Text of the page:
Recent Western reporting and analyses of Iran depict dire circumstances and make natural assumptions about how the population must be reacting to an economy battered by sanctions from the United States and ravaged by the COVID-19 pandemic. A public opinion survey conducted in September and early October by the University of Maryland’s Center on International and Security Studies and IranPoll provides data to compare with these assumptions. The telephone survey included a national probability sample of 1,004 respondents. Some results are surprising, and some are remarkably similar to public attitudes about the pandemic in the United States and European countries.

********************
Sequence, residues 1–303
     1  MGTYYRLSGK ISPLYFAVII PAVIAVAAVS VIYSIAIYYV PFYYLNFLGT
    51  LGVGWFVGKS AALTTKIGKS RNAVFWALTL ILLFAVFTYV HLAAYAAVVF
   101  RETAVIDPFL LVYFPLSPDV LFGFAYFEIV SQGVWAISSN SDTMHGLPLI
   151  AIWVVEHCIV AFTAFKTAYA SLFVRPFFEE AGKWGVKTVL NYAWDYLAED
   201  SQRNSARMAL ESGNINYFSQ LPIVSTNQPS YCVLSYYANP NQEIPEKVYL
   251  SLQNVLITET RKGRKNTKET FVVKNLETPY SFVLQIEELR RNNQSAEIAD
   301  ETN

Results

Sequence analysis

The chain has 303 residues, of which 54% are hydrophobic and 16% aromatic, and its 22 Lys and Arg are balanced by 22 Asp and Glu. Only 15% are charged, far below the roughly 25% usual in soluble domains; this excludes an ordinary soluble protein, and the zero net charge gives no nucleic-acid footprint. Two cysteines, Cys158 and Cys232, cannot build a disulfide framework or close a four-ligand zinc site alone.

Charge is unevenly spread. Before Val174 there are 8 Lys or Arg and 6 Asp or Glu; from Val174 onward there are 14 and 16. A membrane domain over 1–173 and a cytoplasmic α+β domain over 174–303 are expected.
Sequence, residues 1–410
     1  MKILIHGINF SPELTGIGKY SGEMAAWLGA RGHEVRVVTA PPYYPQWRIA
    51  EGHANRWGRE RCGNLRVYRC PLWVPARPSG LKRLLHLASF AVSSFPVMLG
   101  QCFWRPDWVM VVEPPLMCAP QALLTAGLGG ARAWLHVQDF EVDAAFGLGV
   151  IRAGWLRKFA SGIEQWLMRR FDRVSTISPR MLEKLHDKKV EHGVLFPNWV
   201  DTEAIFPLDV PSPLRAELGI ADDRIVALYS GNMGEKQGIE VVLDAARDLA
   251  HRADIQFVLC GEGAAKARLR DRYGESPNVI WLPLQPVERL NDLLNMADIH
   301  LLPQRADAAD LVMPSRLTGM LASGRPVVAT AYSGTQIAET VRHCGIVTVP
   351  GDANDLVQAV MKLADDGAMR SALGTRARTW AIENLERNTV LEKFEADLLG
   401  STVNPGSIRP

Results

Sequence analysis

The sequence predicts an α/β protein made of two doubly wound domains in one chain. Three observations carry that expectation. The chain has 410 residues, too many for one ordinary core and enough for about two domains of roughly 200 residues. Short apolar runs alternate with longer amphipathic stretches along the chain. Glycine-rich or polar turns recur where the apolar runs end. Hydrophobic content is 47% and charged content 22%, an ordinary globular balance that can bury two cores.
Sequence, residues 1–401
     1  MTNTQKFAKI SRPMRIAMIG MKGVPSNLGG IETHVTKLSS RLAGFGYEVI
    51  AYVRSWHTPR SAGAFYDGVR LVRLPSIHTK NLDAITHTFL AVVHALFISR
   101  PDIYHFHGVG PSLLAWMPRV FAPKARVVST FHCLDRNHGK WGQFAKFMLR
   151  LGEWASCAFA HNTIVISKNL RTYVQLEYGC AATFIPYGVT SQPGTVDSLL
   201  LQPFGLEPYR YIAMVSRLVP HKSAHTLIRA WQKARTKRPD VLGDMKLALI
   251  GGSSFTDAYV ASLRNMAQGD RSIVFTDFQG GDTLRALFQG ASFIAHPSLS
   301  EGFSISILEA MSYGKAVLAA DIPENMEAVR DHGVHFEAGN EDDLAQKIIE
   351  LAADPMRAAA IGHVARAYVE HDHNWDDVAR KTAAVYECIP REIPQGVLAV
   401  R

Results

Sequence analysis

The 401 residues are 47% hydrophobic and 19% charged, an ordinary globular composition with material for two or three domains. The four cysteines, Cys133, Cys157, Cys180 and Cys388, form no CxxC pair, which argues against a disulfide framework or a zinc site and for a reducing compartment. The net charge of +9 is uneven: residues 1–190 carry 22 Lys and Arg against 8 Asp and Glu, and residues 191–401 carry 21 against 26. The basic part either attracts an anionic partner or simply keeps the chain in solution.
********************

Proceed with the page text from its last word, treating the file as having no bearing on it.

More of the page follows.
The survey finds that Iran’s public is more pessimistic about the economy than they were earlier in the Trump administration’s maximum pressure campaign. But domestic mismanagement and rising inflation appear to be bigger factors in this shift than the sanctions per se. Those most directly affected by COVID-19 are more negative about the economy. Yet, the Iranian public is generally satisfied by the government’s response to the pandemic and support public health efforts, even when they make a bad economic situation worse.
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